A powerpoint presented by Mike Smith, Water, Engineering and Development Centre (WEDC) on household use of grey water, wastewater and rainwater.
Water supply in Jordan is limited, and the lack of new water resources and the level of competition between different water uses like domestic, industrial and agricultural are expected to increase in the near future. Applied research conducted by the Inter-Islamic Network on Water Resources Development and Management (INWRDAM) on decentralized wastewater treatment and use over the last five years has focused on a holistic approach for the development of “state-of-the-art” modular on-site and low-cost greywater treatment and use units at the household level, and implementing capacity building of the local peri-urban communities to enable them to practice sustainable Urban Agriculture (UA). The research focused on optimization of the modular low-cost units for greywater treatment and drip irrigation techniques and crop selection for home gardens. These practises enable saving of freshwater and help safeguard the environment, increase income and strengthen the role of women in the process of proper management of scarce water resources.
Two projects, “Post Project Evaluation of Permaculture Techniques” and “Greywater Treatment and Reuse in HomeGardens” were conducted in the town of Ein Al-Baida, Tafila Governorate, in the southern part of Jordan funded by research grants from the International Development Research Centre, Ottawa, Canada (IDRC). A third project entitled “Community Involvement in Reuse of Greywater to Improve Agriculture Output” was financed by the Jordanian Ministry of Planning and International Cooperation of Jordan (MOPIC). This project benefited more than 800 households in 90 peri-urban sites throughout Jordan providing greywater treatment units and drip irrigation systems.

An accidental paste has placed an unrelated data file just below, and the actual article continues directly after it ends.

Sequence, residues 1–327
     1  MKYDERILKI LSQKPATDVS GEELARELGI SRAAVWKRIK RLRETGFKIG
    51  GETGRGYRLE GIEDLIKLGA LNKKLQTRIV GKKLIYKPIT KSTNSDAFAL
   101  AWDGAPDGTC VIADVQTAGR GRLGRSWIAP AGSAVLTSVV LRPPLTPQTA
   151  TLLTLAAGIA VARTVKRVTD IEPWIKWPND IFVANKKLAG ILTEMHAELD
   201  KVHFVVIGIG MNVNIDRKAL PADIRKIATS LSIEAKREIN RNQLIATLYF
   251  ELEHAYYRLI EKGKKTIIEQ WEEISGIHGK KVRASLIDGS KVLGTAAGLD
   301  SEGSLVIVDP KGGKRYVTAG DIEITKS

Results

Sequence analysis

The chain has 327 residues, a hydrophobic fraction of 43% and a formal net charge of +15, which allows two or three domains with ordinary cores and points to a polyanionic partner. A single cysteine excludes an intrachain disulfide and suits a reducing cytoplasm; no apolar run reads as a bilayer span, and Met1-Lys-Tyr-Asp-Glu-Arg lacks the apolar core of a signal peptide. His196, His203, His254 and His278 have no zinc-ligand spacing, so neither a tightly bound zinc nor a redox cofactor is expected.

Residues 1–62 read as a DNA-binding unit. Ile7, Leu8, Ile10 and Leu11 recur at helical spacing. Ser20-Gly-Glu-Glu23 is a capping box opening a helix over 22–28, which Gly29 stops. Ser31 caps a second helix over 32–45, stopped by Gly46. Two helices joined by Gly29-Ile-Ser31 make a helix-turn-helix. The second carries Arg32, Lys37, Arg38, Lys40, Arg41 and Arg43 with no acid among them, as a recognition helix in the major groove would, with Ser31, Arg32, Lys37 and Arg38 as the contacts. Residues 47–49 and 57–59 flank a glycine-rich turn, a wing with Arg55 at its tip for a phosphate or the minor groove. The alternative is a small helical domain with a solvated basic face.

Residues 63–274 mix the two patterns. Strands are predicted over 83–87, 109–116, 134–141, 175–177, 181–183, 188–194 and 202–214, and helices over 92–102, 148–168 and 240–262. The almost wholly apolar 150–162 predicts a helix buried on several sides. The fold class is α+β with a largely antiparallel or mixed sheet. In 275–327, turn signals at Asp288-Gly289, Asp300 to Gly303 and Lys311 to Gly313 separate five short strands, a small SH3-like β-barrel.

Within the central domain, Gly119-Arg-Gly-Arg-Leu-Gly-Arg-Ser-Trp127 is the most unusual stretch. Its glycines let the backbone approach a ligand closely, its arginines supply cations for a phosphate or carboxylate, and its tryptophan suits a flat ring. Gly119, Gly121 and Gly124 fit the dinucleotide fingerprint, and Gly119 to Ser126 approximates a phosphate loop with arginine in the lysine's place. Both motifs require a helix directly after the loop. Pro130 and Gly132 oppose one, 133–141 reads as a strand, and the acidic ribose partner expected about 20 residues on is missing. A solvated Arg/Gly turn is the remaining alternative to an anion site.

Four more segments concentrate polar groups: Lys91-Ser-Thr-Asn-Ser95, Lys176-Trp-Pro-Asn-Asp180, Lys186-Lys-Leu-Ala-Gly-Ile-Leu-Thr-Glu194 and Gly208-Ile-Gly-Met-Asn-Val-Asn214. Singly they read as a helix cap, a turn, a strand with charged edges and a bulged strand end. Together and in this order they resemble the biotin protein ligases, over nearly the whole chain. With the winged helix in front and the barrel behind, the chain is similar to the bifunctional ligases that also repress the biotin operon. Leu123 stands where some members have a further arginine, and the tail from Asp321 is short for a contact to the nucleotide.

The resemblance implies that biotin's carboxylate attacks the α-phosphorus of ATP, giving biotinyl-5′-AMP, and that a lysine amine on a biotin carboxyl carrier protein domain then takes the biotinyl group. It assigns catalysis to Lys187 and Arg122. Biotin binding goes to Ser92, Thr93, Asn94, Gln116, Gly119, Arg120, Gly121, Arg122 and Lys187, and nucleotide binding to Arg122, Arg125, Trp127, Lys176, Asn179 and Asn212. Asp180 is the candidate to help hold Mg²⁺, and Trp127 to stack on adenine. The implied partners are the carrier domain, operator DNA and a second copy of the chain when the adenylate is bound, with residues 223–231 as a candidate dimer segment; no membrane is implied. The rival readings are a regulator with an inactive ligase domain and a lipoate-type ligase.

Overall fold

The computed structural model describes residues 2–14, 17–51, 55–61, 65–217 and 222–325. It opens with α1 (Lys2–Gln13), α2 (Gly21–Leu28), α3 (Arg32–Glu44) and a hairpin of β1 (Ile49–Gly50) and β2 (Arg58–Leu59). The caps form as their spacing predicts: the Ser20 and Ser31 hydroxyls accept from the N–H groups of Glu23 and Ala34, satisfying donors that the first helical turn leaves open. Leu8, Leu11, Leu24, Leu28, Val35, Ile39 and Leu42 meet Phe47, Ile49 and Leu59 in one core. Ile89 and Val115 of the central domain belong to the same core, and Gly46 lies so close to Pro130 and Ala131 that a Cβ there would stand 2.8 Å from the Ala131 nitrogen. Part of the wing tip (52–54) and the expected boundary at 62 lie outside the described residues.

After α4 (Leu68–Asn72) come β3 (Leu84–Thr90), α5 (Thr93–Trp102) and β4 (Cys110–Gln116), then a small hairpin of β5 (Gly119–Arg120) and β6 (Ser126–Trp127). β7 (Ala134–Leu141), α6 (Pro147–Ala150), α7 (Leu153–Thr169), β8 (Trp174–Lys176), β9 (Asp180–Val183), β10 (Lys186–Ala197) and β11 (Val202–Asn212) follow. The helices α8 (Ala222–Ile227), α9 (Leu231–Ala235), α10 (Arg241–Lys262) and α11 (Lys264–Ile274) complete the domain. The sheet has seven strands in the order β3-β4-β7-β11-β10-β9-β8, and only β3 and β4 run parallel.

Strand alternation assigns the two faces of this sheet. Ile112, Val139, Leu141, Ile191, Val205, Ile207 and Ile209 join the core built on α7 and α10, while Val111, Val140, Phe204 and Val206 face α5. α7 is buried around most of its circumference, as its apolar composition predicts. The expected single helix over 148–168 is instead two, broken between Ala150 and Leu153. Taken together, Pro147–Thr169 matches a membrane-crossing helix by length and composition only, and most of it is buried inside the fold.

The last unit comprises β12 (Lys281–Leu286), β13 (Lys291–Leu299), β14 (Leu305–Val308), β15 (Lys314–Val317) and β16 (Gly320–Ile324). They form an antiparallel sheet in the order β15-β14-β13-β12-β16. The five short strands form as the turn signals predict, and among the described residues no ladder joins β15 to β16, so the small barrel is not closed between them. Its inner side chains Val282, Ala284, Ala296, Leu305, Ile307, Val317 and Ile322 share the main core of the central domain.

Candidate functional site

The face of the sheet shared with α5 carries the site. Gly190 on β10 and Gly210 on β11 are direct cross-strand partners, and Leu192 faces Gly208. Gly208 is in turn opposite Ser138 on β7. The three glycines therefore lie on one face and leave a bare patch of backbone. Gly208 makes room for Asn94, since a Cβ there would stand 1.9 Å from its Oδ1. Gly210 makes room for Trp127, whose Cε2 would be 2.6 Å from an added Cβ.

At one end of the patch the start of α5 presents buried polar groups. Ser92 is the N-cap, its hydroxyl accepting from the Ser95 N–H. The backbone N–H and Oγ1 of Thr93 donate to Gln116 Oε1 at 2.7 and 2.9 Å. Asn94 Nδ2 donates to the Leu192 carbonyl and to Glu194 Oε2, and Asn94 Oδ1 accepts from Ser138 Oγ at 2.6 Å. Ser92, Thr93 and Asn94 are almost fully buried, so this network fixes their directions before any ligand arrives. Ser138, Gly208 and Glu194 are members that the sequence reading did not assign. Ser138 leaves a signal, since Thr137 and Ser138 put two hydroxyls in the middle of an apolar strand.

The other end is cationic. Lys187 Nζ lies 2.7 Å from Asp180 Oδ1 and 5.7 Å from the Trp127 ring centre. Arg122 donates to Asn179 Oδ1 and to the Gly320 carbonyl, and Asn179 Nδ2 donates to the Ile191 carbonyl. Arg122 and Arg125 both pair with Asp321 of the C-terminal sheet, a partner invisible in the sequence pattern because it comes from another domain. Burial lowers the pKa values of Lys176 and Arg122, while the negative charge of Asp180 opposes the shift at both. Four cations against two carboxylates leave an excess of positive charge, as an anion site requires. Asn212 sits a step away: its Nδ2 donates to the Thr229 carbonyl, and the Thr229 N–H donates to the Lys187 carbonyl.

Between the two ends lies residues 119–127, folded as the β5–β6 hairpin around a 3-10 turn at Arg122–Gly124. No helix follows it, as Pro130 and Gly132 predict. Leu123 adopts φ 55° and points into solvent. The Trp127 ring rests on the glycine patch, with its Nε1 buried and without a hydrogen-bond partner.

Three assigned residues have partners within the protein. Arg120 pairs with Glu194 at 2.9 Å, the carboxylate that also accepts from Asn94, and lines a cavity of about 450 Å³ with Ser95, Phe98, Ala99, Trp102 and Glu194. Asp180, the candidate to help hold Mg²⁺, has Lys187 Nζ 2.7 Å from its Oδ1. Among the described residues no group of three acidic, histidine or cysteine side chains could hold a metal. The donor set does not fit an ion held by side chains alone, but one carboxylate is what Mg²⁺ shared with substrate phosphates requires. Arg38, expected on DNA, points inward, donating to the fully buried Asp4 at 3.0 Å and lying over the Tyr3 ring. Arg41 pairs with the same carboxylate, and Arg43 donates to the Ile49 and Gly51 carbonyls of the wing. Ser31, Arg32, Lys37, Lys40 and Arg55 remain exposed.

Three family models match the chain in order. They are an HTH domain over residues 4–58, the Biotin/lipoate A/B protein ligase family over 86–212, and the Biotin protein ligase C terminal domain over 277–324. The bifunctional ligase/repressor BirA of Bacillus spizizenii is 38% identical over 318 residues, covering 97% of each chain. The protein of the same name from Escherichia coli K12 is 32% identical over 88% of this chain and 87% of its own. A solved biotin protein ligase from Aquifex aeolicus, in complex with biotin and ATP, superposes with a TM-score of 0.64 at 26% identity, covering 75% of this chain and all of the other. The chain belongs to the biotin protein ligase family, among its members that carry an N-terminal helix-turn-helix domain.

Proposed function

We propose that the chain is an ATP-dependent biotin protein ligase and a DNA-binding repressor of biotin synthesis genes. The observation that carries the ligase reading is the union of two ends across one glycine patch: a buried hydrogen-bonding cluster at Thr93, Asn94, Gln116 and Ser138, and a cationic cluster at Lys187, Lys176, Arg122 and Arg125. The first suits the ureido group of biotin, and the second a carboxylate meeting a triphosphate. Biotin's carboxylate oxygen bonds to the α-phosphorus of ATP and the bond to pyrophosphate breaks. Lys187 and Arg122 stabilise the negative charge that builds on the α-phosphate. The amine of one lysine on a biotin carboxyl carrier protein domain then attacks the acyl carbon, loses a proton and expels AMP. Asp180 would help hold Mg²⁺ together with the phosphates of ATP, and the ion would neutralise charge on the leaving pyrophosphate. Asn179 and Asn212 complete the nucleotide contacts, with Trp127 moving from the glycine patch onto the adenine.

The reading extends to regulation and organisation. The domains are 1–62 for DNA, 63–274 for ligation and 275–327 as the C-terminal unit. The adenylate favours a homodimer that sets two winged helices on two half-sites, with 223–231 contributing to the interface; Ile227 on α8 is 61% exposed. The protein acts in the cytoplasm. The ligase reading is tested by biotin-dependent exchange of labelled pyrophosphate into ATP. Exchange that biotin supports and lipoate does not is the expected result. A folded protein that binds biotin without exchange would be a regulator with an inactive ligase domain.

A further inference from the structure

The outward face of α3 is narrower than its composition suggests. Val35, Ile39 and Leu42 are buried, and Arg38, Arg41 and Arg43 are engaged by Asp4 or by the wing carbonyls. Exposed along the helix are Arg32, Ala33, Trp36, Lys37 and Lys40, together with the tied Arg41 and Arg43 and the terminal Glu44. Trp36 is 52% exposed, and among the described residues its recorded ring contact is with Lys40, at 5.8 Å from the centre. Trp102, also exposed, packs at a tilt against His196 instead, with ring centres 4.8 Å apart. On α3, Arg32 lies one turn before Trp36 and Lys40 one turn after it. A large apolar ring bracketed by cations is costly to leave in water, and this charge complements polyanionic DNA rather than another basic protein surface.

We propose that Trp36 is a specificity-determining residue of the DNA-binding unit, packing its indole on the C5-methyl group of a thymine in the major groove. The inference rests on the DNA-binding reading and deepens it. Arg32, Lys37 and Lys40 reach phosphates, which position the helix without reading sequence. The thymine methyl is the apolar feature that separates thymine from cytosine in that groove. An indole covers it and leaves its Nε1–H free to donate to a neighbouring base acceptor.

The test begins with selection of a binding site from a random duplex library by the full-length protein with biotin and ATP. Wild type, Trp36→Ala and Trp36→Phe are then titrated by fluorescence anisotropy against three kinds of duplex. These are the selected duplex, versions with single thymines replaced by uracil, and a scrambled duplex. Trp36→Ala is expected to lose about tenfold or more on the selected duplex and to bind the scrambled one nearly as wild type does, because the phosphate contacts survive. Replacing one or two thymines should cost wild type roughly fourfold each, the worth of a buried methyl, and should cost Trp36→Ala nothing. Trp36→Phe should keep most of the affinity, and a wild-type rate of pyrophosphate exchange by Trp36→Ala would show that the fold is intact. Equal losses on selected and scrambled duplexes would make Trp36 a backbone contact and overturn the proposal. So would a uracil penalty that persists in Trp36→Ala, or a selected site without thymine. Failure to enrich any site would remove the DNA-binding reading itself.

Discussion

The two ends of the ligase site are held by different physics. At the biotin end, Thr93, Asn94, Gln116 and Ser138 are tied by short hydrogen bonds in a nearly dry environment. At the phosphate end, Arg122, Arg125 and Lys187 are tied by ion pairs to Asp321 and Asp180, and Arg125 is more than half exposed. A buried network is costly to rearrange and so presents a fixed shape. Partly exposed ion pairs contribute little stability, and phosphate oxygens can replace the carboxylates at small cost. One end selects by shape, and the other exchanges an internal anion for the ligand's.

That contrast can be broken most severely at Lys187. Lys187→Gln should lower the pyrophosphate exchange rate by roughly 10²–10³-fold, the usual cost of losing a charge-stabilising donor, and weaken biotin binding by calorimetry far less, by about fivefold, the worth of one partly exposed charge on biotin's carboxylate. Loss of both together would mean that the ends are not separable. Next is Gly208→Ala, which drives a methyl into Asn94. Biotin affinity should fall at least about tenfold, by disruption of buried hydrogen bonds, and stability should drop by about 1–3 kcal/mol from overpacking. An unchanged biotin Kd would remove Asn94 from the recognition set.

The aim of this case study is to concentrate on the methods and results of INWRDAM greywater treatment and use.
On-site greywater treatment methods developed by INWRDAM were designed with low cost and ease of construction in mind as well as low operation and maintenance costs. They aim to yield greywater of a quality suitable at least for restricted irrigation.
The 4-barrel system
This system is an improvement of the two barrel kit. Two tanks each with 220 liter capacity and filled with gravel media that act as anaerobic filters are inserted between the pre-treatment tank and final storage tanks. The four barrels are lined up next to the other and interconnected with 50 mm PVC pipes.
Once solids and floating material settle in the first barrel, the relatively clear water from the first barrel enters into the bottom of the second barrel. Next the water from the top of the second barrel enters into the bottom of the third barrel. This water passes through the gravel lumps (2-3 cm size graded gravel) and from the top of the third barrel is taken into the fourth. Anaerobic treatment is accomplished in the two middle barrels. Anaerobic bacteria get established on the stone surface so that when the greywater passes through the stones, the bacteria works on breaking down components of the organic material in the greywater. The last barrel acts as a storage tank for treated greywater. As soon as this barrel is filled, a floating device switches on a small water pump which then delivers the water through the drip irrigation network. For an average family home, 20-30 trees (olives, fruit etc) that are planted in the domestic garden can be irrigated.
With a residence time of 1 to 2 days in the 4- barrel treatment kit, the influent greywater undergoes treatment equivalent to between primary and secondary treatment and meets the World Health Organization’s guidelines for restricted irrigation.
The confined trench system